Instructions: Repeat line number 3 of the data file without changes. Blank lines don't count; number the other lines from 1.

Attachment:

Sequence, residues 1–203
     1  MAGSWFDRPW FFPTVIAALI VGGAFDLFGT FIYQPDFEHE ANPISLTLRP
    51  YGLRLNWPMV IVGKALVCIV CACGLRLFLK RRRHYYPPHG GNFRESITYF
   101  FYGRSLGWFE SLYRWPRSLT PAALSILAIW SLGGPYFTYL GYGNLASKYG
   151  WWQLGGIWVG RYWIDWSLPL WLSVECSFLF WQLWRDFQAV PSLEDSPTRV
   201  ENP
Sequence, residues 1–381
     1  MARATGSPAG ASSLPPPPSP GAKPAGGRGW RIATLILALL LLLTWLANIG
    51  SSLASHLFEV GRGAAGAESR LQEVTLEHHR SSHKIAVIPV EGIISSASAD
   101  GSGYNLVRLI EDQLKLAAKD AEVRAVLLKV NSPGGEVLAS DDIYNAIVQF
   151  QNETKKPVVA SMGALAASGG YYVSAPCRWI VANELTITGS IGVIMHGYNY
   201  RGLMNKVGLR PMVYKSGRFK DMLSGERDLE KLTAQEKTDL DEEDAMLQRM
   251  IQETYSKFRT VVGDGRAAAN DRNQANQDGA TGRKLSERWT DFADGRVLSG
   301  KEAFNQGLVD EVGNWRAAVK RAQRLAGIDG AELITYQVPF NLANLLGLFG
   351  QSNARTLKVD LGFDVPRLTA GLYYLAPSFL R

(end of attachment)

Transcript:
    51  YGLRLNWPMV IVGKALVCIV CACGLRLFLK RRRHYYPPHG GNFRESITYF